The ongoing thoughts of an art teacher in China - and home in Sydney

A continuing diary about my travels in China, and thoughts about China and Chinese art from home and abroad

Friday, December 14, 2012

Shanghai to Xiang Gang

Ah Hong Kong! Toilets flush, traffic lights are obeyed, nobody is spitting in the street right next to me, and whilst it can seem chaotic and frenetic there is still a sense of order and stability. As Fuschsia Dunlop so memorably said, Hong Kong is like a decompression chamber after being in mainland China. It is strange to hear Cantonese, with its long "maaaaaa" and "laaaaa" sounds at the ends of sentences, after the more clipped  tones of Mandarin. And just when I was getting a little bit better at communicating!

When I arrived today I was struck anew by the contrasts. Glitzy storefronts with mildewed apartments stacked above. Beautiful mountains rising out of the sea like a literati painting juxtaposed with enormous slender tower blocks and  outlet malls. In Kowloon two men with a sign reading "Keep away from Falun Gong Evil Cult" lounged against the wall of the Gucci shop next to a poster advertising cosmetic surgery and a woman handing out foot massage leaflets. Mainland Chinese queued in long noisy lines to get into Prada, Chanel and Burberry on one side of Canton Road whilst on the other side Hong Kong citizens queued patiently at bus stops, waiting for buses to far suburbs.

Louise Hawson of '52 suburbs' fame has some great photographs of Hong Kong housing estates - check them out here:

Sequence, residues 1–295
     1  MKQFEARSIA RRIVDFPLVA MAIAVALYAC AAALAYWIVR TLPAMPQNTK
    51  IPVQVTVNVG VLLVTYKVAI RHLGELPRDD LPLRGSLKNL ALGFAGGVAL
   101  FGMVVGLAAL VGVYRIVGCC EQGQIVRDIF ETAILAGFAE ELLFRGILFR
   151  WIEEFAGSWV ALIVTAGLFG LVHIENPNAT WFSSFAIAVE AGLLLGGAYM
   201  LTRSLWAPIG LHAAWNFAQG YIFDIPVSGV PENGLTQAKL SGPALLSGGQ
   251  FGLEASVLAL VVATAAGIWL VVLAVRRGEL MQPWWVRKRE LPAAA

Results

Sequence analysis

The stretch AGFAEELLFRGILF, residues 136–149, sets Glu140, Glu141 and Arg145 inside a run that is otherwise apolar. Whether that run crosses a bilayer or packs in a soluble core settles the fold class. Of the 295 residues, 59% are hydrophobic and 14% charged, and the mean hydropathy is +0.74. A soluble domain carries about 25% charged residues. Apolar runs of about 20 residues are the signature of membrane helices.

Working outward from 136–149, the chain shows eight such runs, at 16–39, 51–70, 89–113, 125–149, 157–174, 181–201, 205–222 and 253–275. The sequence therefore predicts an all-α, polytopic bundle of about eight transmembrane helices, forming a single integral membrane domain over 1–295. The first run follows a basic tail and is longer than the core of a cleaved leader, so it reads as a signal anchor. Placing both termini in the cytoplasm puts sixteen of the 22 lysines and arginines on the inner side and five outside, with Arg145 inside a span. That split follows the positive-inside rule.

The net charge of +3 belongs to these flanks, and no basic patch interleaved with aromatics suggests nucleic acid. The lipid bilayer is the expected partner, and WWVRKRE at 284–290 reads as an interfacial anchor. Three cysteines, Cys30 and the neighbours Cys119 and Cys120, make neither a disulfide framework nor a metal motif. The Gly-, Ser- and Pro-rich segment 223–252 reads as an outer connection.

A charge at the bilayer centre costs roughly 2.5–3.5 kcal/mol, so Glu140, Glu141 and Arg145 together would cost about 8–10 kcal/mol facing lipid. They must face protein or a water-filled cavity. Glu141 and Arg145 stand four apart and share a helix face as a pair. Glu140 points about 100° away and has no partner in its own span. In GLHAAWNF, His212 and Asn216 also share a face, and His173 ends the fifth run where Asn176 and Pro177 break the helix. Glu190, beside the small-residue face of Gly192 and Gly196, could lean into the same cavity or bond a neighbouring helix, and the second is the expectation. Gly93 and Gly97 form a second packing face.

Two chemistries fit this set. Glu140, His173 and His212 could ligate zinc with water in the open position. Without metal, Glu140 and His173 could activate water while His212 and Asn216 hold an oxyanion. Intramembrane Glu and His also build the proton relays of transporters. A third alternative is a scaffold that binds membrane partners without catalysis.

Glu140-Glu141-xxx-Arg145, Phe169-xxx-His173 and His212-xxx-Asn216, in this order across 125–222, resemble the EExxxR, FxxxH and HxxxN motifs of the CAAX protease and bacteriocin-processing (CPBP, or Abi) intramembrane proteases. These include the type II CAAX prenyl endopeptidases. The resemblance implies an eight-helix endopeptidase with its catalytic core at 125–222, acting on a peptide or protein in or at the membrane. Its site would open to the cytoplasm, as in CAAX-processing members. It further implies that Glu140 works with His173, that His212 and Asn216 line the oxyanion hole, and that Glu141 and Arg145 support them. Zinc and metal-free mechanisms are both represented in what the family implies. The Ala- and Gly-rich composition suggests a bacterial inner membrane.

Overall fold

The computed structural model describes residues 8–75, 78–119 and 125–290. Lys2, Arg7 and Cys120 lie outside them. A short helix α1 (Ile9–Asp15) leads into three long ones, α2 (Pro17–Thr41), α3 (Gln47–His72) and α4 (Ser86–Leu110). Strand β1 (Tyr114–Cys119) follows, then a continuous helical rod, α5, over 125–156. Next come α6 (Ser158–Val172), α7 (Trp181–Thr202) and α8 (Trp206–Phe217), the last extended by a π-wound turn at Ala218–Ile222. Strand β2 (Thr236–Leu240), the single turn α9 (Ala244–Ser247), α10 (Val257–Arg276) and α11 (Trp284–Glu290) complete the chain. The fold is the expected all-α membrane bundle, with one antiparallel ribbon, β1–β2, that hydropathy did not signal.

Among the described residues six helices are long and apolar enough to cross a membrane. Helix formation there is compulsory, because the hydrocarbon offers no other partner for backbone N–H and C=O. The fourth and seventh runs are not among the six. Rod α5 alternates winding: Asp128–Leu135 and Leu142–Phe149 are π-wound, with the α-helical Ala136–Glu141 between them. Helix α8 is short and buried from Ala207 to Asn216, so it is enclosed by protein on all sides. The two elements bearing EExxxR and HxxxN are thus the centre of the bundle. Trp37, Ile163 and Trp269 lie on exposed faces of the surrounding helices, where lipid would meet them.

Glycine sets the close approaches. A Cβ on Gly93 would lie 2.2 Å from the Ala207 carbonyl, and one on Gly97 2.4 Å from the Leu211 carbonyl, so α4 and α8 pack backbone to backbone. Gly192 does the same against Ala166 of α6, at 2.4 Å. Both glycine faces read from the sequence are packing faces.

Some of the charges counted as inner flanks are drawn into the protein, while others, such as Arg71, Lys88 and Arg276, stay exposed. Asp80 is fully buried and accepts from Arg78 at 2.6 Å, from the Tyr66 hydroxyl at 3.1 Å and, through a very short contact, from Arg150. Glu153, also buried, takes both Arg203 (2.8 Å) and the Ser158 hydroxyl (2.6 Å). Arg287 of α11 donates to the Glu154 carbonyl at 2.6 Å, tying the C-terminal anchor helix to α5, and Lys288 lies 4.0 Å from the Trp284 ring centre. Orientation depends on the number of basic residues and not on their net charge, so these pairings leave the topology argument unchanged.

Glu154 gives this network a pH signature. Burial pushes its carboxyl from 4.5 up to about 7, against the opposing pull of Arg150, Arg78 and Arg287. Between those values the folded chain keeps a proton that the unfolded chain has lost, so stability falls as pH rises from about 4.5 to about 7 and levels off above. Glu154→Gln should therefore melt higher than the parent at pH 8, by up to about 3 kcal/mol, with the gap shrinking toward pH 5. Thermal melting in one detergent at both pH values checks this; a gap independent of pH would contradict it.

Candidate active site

On Sunday I will go out to Fo Tan to see the artist Lam Tung-pang in his studio in that previously industrial neighbourhood. Now all the industry is pretty much over the border. And so are many of the workers who can commute to Shenzhen or Donguan and be paid in RMB.

Reflecting on my past two weeks in Beijing and Shanghai - I have learned so much and been so privileged to be welcomed into studios and galleries with great warmth and kindness. Ordinary people from taxi drivers to hotel staff to shop assistants have generally been helpful and friendly - maybe it's my grey hair!

Three things I love about China:
  1. The sense that anything is possible, no matter how ambitious, and can be achieved very fast. Quite possibly by tomorrow if you like (although it may very well fall apart soon after that)
  2. The way that elderly people are treated with devotion, respect and care
  3. The openness and generosity of ordinary people. I cannot imagine that I would be welcomed into artists' homes and studios in the same way anywhere else - certainly not in Australia
Three things I don't love about China:
  1. Spitting loudly and revoltingly in the street 
  2. Food safety fears - every day the newspapers contain stories about adulterated milk, or prosecutions of farmers for adding chemicals to the feed of pigs or chickens
  3. Air quality - it is appalling
Three silly moments from a week in Shanghai:
  1. Channel flicking from one CCTV station to another, I came across 'China You've Got Talent', featuring a competitor who said he was a 28 year old worker from Shandong Province. He was dressed inexplicably as a Teenage Mutant Ninja Turtle, and he performed by juggling eggs with his mouth, shooting them up to the ceiling and catching them again to the wild applause of the audience and the apparent approval of the judges. Chinese TV has a zillion variations on music and MTV style shows, mostly featuring very pretty boys with improbable hair-dos and girls whose role appears to be to giggle on cue. And incredibly soppy romantic love songs with videos starring girls who swoon and are rescued by young men who look extremely gay.